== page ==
We’ve been running silent for a few weeks on our blog, but I guess it’s because we’ve been busy working hard and helping out.
Our orientation period ended at the end of June, and we entered a period known as “Group Service”. Basically, this is a time before we are assigned to a project or job yet, and when we are expected to help out various people in various ways. So some of this has been doing things like collating literacy manuals, health pamphlets, and gospel presentations for kids, thus helping to remove some of the workload from our overworked, one-man IT and Print Shop technician.
But a lot of what we have been doing is using our knowledge of computers to help finish various tasks in a more efficient manner. To start out with, I helped our colleague Andrea to reformat the dictionary database for the Mbochi language project, in order to get it into a consistent format and one that matches the current best-practices recommendations. Part of the problem is that the dictionary has been worked on for more than a decade, by several different people, both before and after the evacuation for the war in the late 90’s. Also, originally there was no SIL recommended standard for how the dictionary database should be formatted. Fortunately, God prepared me with computer programming skills before He put me in Congo. I was able to write some scripts in the Groovy programming language (a superset of Java), that automated many of the reformatting tasks. Andrea and her Mbochi-speaking colleagues seem happy with the changes! I was then able to reuse the reformatter program to help get the Munukutuba dictionary database in better shape. Hopefully I’ll get to help with other dictionaries as well. I think someone hinted that the Beembe dictionary may need some attention.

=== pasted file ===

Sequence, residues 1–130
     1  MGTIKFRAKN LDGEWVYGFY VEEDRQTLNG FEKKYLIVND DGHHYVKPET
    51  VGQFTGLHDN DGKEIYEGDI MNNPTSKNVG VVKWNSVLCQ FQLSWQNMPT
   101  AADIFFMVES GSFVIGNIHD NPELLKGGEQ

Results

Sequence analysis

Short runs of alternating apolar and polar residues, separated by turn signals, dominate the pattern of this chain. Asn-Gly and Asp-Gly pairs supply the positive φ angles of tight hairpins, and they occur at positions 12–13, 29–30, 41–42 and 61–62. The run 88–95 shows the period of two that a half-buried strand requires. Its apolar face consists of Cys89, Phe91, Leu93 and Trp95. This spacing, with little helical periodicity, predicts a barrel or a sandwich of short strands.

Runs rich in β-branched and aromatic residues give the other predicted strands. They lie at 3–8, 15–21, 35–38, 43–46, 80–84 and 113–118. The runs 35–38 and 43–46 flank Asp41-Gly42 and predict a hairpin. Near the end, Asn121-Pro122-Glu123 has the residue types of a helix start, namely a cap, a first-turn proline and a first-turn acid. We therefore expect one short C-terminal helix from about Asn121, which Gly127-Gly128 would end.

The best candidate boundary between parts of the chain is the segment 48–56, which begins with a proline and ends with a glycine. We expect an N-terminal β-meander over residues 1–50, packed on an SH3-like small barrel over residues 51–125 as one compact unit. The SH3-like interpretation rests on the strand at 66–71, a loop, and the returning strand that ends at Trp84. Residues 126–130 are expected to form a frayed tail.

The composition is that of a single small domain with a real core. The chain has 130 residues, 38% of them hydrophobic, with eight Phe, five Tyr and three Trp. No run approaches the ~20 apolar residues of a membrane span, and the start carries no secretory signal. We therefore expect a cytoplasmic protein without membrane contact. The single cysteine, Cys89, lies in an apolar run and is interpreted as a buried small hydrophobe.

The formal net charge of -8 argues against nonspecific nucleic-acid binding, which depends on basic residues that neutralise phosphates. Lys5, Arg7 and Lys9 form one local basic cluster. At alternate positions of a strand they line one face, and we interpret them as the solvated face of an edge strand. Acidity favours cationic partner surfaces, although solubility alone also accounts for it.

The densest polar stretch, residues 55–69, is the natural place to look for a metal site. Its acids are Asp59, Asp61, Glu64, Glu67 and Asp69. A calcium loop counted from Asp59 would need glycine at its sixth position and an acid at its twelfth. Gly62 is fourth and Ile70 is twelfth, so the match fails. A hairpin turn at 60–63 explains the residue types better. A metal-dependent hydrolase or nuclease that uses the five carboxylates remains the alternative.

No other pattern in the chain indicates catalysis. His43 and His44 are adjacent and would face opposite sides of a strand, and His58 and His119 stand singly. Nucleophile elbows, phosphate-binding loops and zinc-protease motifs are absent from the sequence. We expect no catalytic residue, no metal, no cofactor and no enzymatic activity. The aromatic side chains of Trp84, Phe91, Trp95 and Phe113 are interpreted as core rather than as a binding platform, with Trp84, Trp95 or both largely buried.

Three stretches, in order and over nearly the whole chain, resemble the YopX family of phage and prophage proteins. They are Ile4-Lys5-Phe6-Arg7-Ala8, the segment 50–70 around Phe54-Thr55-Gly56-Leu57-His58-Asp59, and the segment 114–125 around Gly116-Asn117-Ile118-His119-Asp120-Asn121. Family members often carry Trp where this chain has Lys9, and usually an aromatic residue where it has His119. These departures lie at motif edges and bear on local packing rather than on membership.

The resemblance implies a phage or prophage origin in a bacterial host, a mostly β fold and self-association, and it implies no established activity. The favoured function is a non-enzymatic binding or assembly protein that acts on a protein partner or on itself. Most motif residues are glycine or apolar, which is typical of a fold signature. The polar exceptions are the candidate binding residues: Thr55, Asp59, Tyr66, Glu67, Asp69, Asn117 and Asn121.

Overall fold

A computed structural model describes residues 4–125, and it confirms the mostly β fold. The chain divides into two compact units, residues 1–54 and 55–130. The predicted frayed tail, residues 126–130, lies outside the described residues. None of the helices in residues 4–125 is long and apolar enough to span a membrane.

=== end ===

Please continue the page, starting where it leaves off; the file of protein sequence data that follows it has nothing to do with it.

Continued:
Sara has been helping prepare an 80 page literacy-related language manual in Lingala. It’s in Microsoft Publisher, but was done without Unicode fonts, which is not recommended practice these days for multilingual documents. So she has been using SIL conversion programs to switch it to Unicode, as well as going through it and making sure all the styles, tab alignment, etc. are consistent throughout the document. She has also helped several people with fixing their computers – getting their anti-virus downloads working, helping move all their files to their new computer, installing download managers to help deal with the slow internet, etc. One of our co-workers said the other day, “How did we survive before Sara got here?”
Our colleague Jessica, who is in charge of the Scripture Use project for the Laari language group, came up with the idea of taking some of the Scripture portions that have been translated into many languages here in Congo, in addition to the audio recordings that have been made of those portions, and combining them with still images (from The Glory Story for example). The idea is to make story videos of Scripture that are more engaging and accessible to people who can’t read yet, or have limited ability or interest in reading.
My part in this has been exploring the technical aspects of the project. What video editing software is available? What would be a good fit for our needs? I’ve also been tackling the question: Can we use the programming/scripting capabilities of some of the movie editing software to allow us to create a generic template for a movie, and then rapidly produce the same movie in multiple Congolese languages? We’ve had some initial success with this idea, so please pray that God will lead us to good solutions to the issues we face. We want to make God’s Word available to the people in Congo in a variety of interesting media, kind of like what we’re used to in the U.S.